PS4/Xbox One/PC - also available on Xbox 360, PS3, Wii, 3DS and PS Vita
What is the ideal reality for an annual sports video game series? For players, a relevant, modern game in a franchise should be relentlessly entertaining. It should have long legs, allowing players to extend the experience for months as a reliable means of getting their sports fix.
EA's FIFA series is one of those properties, as demonstrated in the previous generation through this year's edition, FIFA 15. The soccer simulations have been operating at an incredibly high level for years, and it seems as if each version is still an improvement over the last. There's a downside to being at the top, however: Those improvements will shrink in scale, and the reasons to choose the latest game over the last one one shrink along with those changes.
While the publisher's first efforts in its transition to Xbox One and PS4 last year were gorgeous in their own right, FIFA 15 makes a bigger stride in delivering presentational elements that set it apart from other sports games. Players emote in ways that help tell the on-field story of soccer from near-missed goals to celebratory last-second triumphs. Similar to Madden 15's post-whistle, in-engine animations, every digital footballer on the field reacts and animates based on the circumstances of the on-field play.
Colliding opponents might stand up and push one another while jawing for a moment, or a player might turn to their teammate and give them a thumbs-up after missing a shot to let them know the missed goal was the fault of their foot, not a bad pass. A player might discuss their foul with the referee, or even run up and smack the flag in the corner of the field. Some moments play out in the engine, but most are close-up cuts to the animations, often accompanied by expertly-delivered lines from the returning commentary team, Martin Tyler and Alan Smith. Sports games often tout "like it looks on TV" presentation, but FIFA 15's broadcast style is much more lifelike thanks to these subtle changes.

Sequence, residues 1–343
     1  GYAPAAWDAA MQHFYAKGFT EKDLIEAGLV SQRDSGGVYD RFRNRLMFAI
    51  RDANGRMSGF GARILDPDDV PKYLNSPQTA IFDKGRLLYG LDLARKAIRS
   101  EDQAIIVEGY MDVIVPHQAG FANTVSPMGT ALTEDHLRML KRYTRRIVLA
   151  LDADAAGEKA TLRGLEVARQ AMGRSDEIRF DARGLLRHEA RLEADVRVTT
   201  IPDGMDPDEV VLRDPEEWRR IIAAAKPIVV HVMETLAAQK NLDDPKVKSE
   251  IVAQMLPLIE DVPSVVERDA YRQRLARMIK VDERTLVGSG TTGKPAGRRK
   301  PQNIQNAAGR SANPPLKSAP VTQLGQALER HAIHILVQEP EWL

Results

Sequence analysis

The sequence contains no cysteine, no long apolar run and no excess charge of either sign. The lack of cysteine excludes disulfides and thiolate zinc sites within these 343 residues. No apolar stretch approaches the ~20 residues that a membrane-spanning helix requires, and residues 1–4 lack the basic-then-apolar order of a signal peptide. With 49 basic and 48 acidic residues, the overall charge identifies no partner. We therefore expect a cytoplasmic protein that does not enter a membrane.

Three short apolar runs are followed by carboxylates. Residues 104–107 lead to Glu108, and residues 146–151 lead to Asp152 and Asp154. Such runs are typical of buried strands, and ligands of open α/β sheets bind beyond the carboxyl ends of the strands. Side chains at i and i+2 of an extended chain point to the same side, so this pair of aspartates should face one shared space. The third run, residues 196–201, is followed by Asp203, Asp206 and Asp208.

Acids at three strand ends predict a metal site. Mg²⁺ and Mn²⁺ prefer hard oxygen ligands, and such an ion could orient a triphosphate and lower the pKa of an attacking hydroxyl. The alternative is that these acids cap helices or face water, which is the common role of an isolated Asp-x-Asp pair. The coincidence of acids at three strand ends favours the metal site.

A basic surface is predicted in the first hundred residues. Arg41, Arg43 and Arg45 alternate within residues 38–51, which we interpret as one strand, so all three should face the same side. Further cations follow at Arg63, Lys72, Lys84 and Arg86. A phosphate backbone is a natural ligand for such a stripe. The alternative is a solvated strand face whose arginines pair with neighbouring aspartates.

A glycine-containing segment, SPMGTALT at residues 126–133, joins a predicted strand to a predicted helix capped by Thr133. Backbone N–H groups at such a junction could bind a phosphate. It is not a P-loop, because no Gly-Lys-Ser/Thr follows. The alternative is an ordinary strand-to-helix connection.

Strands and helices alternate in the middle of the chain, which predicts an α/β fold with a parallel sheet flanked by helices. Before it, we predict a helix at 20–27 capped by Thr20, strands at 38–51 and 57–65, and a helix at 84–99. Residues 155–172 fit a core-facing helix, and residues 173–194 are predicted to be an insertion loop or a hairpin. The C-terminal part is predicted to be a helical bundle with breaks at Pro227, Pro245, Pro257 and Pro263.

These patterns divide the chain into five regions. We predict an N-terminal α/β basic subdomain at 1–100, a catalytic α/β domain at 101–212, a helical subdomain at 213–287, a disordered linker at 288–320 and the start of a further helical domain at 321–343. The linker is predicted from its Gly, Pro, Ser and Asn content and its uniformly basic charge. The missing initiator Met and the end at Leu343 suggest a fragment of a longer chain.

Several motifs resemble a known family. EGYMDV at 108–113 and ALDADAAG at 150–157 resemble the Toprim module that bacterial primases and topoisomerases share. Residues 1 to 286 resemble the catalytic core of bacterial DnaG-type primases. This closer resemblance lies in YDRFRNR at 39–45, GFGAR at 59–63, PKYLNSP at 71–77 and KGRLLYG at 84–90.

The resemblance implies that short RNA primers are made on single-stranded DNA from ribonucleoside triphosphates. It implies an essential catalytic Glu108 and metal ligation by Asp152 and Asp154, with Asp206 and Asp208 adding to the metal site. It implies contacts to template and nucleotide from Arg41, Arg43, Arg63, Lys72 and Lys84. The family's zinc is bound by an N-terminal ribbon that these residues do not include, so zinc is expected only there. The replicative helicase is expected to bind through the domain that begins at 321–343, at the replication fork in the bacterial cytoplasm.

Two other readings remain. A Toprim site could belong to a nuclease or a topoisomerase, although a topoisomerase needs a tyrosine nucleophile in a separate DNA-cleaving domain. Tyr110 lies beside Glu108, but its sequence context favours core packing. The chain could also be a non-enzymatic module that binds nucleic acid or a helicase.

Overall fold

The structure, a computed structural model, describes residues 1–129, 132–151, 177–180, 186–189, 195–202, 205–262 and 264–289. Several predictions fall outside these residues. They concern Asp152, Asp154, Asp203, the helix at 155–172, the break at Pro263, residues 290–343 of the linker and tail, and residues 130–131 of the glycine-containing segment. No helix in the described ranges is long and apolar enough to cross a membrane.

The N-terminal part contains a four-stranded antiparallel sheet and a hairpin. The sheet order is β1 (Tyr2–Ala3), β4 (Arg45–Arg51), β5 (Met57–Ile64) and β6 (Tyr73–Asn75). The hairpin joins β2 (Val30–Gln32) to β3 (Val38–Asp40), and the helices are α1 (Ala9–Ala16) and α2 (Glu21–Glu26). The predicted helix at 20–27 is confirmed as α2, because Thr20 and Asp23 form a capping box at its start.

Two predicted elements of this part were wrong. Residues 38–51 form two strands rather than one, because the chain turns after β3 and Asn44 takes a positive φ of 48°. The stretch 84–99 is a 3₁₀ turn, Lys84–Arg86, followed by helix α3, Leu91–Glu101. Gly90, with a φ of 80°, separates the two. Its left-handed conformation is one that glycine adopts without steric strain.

One of EA's other marquee presentational changes is what the company calls "Living Pitch." Basically, the field degrades as athletes plod across it over the course of a match. Clips of grass whip through the air as you dig in for a shot at the goal, and streaks of dirt mark the path of slide tackles. Yep, we're talking about realistic grass, which you may not notice all that often while playing, though it may occasionally garner wistful looks from your inner amateur lawncare enthusiast. The battered field doesn't seem to affect the physics of the ball – it just looks nice. Seriously, this is where we are with the FIFA series.
More importantly, the on-field gameplay formula received a few tweaks this year as well. CPU opponents seem to hang on to the ball and dribble it across the field much more frequently, calmly jogging past any of my direct sprint-and-tackle attempts. The incessant march and conservative pass attempts of my opponents led me to change my defense tactics this year; attempting to step in to the computer opponent's stride usually left my player in the dust. It was continually aggravating until I started corralling defenders out to the sidelines.
The game's AI tended to boot the ball out of bounds needlessly on moderate difficulties occasionally even dribbling it out to change possession. While that was problematic for my teammates in the single-athlete career mode, it was a game-saver against FIFA 15's cagier CPU opponents. I still managed precise slide tackles, but it seems as if fouls are given out a little more regularly by default (though you can adjust the frequency of fouls, among other things, in the options). On offense, I found that crosses into the box were more difficult to pull off, but that jogging and shaking an opponent before whistling past them was much easier. As a result, most of my goals came from breakaways and deft one-two passes down the middle of the field as opposed to crosses from the wingers. FIFA 15's offense feels dominant in that way, and satisfying goals are even better with the aforementioned player emotions factored in.